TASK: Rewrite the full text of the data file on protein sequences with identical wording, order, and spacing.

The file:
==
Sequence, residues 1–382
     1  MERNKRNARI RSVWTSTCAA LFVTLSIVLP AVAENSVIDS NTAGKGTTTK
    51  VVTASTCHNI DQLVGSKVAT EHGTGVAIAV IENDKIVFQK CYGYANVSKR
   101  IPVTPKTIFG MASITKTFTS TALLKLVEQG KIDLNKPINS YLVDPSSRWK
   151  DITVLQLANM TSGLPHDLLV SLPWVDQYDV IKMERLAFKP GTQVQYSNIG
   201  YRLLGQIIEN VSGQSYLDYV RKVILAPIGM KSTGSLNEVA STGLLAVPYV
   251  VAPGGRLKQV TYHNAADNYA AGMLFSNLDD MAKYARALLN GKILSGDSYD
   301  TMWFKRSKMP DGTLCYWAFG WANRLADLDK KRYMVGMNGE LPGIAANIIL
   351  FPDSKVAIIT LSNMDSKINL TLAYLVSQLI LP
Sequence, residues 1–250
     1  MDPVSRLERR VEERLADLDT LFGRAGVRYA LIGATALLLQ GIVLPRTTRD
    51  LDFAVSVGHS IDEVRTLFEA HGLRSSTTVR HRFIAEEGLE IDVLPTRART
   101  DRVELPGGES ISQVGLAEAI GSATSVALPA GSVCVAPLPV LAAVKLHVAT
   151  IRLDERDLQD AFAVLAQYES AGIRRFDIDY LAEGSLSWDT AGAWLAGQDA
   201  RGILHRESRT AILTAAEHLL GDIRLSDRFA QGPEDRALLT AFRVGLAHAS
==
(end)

Sequence, residues 1–382
     1  MERNKRNARI RSVWTSTCAA LFVTLSIVLP AVAENSVIDS NTAGKGTTTK
    51  VVTASTCHNI DQLVGSKVAT EHGTGVAIAV IENDKIVFQK CYGYANVSKR
   101  IPVTPKTIFG MASITKTFTS TALLKLVEQG KIDLNKPINS YLVDPSSRWK
   151  DITVLQLANM TSGLPHDLLV SLPWVDQYDV IKMERLAFKP GTQVQYSNIG
   201  YRLLGQIIEN VSGQSYLDYV RKVILAPIGM KSTGSLNEVA STGLLAVPYV
   251  VAPGGRLKQV TYHNAADNYA AGMLFSNLDD MAKYARALLN GKILSGDSYD
   301  TMWFKRSKMP DGTLCYWAFG WANRLADLDK KRYMVGMNGE LPGIAANIIL
   351  FPDSKVAIIT LSNMDSKINL TLAYLVSQLI LP
Sequence, residues 1–250
     1  MDPVSRLERR VEERLADLDT LFGRAGVRYA LIGATALLLQ GIVLPRTTRD
    51  LDFAVSVGHS IDEVRTLFEA HGLRSSTTVR HRFIAEEGLE IDVLPTRART
   101  DRVELPGGES ISQVGLAEAI GSATSVALPA GSVCVAPLPV LAAVKLHVAT
   151  IRLDERDLQD AFAVLAQYES AGIRRFDIDY LAEGSLSWDT AGAWLAGQDA
   201  RGILHRESRT AILTAAEHLL GDIRLSDRFA QGPEDRALLT AFRVGLAHAS